A high-profile black church leader vowed Sunday to fight accusations that he bribed and coerced four young men into having sex with him. "I feel like David against Goliath," Bishop Eddie Long told the assembled congregation at his Atlanta-area megachurch. "But I've got five rocks, and I haven't thrown one yet." His accusers also feel like Davids, going up against a towering figure like Long, their lawyer says. Who is Long, what's he accused of, and why do people call him homophobic? (Watch a CNN report about the allegations)
What's Long's story?
Long, 57, was born in Charlotte, N.C., the son of a Baptist preacher who also owned a service station. He is married to his second wife, Vanessa, and has four children. Long earned a business degree from North Carolina Central University, then worked as an auto sales rep until he was fired for inaccuracies in his expense reports. Later, he turned to religion, studying theology and preaching at a number of churches in the Atlanta area.
What is he known for?
Building up his current church, New Birth Missionary Baptist, from a small, 300-member congregation in 1987 to a sprawling, multimillion-dollar empire with 25,000 members, a lavish 240-acre suburban Atlanta campus, and several satellite churches in other cities. The funeral for Martin Luther King Jr.'s widow, Coretta Scott King, was held at New Birth in 2006, with four presidents in attendance. His congregation includes celebrities, socialites, and star athletes.
What is he accused of, exactly?
Four young men who belonged to Long's exclusive LongFellows Youth Academy have filed lawsuits accusing him of using his authority — along with cars, cash, and other gifts — to coerce them into sex acts, including oral sex and masturbation. Some of the alleged abuse happened on trips abroad to New Zealand and Kenya. All four say they were 17 or 18 — past the legal age of consent — when the incidents occurred.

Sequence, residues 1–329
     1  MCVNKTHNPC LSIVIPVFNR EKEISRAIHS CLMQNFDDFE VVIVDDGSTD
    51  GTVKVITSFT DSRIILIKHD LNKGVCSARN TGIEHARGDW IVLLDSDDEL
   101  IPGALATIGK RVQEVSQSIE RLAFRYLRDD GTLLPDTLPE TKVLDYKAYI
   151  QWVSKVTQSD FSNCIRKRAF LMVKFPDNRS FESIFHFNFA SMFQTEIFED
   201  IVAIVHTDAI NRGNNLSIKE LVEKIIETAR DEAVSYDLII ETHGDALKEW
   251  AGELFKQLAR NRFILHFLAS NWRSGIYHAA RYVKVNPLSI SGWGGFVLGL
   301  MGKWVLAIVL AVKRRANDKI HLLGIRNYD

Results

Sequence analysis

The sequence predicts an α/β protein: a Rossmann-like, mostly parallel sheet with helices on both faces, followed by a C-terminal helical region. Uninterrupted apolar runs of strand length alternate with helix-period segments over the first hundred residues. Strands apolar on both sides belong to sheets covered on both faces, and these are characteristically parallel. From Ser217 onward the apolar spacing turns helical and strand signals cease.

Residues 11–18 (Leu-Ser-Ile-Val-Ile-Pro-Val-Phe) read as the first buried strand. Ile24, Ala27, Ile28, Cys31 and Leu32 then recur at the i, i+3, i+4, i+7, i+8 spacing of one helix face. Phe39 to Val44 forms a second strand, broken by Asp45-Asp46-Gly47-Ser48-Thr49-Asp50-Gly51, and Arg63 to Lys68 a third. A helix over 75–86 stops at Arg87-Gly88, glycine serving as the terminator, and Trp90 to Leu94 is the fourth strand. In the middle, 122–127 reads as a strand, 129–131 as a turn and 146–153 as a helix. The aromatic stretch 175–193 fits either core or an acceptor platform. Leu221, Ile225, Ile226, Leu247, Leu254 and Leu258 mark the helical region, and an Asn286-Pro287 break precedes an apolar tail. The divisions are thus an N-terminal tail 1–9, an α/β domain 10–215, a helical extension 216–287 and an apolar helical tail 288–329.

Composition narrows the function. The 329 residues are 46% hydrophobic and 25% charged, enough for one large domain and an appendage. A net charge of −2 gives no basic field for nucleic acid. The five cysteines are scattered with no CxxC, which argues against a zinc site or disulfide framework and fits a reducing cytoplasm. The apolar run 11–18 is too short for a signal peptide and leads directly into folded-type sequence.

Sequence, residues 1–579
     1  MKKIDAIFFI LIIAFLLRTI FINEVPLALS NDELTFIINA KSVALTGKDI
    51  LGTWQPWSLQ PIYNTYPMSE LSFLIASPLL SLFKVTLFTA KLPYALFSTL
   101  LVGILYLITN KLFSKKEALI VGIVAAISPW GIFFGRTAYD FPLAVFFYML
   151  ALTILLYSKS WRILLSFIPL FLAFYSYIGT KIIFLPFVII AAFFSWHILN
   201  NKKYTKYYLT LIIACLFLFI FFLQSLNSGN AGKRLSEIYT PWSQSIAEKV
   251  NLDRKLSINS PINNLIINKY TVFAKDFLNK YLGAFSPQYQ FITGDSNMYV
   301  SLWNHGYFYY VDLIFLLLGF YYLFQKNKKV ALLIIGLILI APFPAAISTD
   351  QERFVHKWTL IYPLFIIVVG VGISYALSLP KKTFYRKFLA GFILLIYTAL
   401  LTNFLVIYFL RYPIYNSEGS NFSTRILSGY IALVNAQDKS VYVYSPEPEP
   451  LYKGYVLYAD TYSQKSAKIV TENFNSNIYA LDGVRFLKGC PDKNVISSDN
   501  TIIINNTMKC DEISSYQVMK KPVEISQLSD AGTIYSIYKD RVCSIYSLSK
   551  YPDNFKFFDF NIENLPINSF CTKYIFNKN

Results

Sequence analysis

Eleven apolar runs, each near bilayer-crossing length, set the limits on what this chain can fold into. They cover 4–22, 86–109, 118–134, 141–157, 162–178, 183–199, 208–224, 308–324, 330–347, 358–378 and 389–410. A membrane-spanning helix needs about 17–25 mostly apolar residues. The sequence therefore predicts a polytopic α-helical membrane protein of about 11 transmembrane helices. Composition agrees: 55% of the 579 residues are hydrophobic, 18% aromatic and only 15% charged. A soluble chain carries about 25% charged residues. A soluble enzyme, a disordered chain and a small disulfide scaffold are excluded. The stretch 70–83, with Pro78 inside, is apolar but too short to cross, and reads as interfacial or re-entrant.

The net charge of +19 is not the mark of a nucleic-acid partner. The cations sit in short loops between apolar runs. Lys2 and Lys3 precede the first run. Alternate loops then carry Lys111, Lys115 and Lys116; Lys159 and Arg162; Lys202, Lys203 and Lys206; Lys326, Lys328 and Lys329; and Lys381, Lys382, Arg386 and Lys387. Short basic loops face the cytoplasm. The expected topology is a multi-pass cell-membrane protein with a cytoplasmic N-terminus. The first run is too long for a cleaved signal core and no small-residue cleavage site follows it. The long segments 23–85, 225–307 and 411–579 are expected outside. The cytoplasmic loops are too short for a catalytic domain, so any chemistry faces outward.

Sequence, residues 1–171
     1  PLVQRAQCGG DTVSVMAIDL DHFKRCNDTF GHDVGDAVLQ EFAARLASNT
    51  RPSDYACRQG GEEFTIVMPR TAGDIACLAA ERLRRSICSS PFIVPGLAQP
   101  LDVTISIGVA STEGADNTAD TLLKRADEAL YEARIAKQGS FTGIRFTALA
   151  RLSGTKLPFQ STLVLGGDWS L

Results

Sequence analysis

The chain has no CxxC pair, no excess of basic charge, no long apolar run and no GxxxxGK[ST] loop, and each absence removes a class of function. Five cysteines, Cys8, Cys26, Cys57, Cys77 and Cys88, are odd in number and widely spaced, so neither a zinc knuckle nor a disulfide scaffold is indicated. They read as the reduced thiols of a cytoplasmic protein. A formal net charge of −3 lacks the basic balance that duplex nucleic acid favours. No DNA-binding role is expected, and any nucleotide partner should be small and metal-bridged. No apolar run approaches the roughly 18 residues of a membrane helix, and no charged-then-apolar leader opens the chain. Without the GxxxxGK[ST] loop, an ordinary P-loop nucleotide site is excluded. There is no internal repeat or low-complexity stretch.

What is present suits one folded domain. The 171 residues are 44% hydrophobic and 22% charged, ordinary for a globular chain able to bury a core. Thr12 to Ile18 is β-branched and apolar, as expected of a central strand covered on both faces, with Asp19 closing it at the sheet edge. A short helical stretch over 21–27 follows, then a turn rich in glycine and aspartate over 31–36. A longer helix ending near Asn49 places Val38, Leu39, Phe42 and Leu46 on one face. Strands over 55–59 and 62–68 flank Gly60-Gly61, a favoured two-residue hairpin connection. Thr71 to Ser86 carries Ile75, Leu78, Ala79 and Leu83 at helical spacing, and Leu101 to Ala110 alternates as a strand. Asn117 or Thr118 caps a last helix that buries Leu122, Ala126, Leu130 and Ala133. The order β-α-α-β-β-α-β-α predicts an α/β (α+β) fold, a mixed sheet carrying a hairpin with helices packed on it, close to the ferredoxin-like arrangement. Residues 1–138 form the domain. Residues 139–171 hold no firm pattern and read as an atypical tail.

Has he denied it?
On Sunday, in his first public comments since the lawsuits, he said that he is "not a perfect man" and has been advised by his lawyer not to "try this case in the media." But in an earlier statement to a radio station, Long said, "We continue to categorically deny each and every one of these ugly charges."
Why do critics call him homophobic?
Long is outspoken in his opposition to same-sex marriage, and was a driving force behind Georgia's move to prohibit gay marriage in the state constitution. New Birth Missionary Baptist also hosts seminars on "curing" homosexuality. These stands explain why Long is "one of the most outspoken homophobes in the black church," says gay, black Atlanta resident Joshua Alston in Newsweek.
What else does he preach?
Long adheres to a gospel of personal wealth, teaching that Jesus Christ was not poor and encouraging his flock to pray for prosperity. Another tenet of his "muscular Christianity" encourages men to become spiritual warriors by tapping their inner "wild man" to protect their families and take control of their own lives. Women, Long says, should be submissive to their husbands.
Has he been involved in other controversies?
In 2007, a Senate committee investigated Long's church for possible violations of its tax-exempt status. Two years earlier, The Atlanta Journal-Constitution had reported that Long — known for his lavish trappings, including big diamond rings, Bentleys, bodyguards, etc. — earned $3 million in salary and perks over three years from a charity he controlled. His response: "We're not just a church, we're an international corporation. We're not just a bumbling bunch of preachers who can’t talk and all we're doing is baptizing babies. I deal with the White House. I deal with Tony Blair."
Will Long weather this storm?
Most experts believe he'll survive, no matter what happens with the lawsuits. I'm not so sure, says Alston in Newsweek. "If Long's accuser were a woman," he would be okay — but the fact that it's young men means the charges could fatally compromise Long's standing with his followers. In the short term, he'll probably just "settle [the suits] and still stay in the pulpit," albeit with a smaller congregation, says University of Pennsylvania religion professor Anthea Butler. And there's reason to believe he may survive beyond that. After all, "Jimmy Swaggart is still preaching."